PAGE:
Prism adaptation for spatial neglect after stroke: translational practice gaps

Nat Rev Neurol. 2012 Oct;8(10):567-77. doi: 10.1038/nrneurol.2012.170. Epub 2012 Aug 28.


Spatial neglect increases hospital morbidity and costs in around 50% of the 795,000 people per year in the USA who survive stroke, and an urgent need exists to reduce the care burden of this condition. However, effective acute treatment for neglect has been elusive. In this article, we review 48 studies of a treatment of intense neuroscience interest: prism adaptation training. Due to its effects on spatial motor 'aiming', prism adaptation training may act to reduce neglect-related disability. However, research failed, first, to suggest methods to identify the 50-75% of patients who respond to treatment; second, to measure short-term and long-term outcomes in both mechanism-specific and functionally valid ways; third, to confirm treatment utility during the critical first 8 weeks poststroke; and last, to base treatment protocols on systematic dose-response data. Thus, considerable investment in prism adaptation research has not yet touched the fundamentals needed for clinical implementation. We suggest improved standards and better spatial motor models for further research, so as to clarify when, how and for whom prism adaptation should be applied.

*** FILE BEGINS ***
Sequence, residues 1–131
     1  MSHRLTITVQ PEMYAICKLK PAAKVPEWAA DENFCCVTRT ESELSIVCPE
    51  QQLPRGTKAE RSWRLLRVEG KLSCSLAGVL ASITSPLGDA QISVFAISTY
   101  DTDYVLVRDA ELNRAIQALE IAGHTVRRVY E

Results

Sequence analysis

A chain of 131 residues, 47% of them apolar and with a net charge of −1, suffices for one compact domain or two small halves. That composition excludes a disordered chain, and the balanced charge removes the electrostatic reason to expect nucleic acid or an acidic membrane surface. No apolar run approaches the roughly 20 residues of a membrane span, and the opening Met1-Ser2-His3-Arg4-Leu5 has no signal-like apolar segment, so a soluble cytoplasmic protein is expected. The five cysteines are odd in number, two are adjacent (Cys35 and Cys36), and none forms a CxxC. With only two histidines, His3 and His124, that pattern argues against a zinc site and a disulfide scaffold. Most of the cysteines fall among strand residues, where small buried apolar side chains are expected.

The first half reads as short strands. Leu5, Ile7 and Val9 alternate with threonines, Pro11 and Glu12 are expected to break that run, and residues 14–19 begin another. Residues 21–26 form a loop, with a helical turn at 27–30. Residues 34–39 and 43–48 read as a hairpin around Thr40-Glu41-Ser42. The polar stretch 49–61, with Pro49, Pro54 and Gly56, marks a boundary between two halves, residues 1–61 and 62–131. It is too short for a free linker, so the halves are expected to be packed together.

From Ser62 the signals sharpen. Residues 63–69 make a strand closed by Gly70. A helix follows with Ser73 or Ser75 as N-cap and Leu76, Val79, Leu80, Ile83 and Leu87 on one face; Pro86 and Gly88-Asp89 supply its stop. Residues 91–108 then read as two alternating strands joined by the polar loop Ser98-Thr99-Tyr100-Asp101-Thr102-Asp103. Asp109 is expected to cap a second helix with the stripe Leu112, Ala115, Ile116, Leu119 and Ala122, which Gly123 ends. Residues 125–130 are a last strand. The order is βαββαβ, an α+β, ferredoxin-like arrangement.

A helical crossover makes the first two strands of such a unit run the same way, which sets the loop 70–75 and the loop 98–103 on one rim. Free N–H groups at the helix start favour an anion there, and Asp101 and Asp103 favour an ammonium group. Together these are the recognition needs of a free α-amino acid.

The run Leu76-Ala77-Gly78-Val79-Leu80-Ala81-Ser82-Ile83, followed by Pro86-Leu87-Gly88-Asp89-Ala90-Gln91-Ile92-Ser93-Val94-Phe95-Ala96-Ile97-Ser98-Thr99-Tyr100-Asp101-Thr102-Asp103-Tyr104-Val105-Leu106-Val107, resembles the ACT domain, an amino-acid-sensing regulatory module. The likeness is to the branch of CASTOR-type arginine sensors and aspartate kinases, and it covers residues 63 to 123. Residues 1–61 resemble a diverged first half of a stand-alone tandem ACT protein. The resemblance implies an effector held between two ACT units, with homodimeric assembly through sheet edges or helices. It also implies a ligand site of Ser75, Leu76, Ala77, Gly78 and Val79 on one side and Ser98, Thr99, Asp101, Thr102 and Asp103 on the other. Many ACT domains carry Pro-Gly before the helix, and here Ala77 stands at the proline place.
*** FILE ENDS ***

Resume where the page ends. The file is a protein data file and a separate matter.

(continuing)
Publication types

  • Research Support, N.I.H., Extramural
  • Research Support, Non-U.S. Gov't
  • Review

MeSH terms

  • Adaptation, Physiological* / physiology
  • Animals
  • Humans
  • Perceptual Disorders / epidemiology
  • Perceptual Disorders / physiopathology*
  • Perceptual Disorders / therapy*
  • Photic Stimulation / methods
  • Practice Guidelines as Topic / standards*
  • Stroke / epidemiology
  • Stroke / physiopathology*
  • Stroke / therapy*
  • Translational Research, Biomedical / methods*
  • Translational Research, Biomedical / trends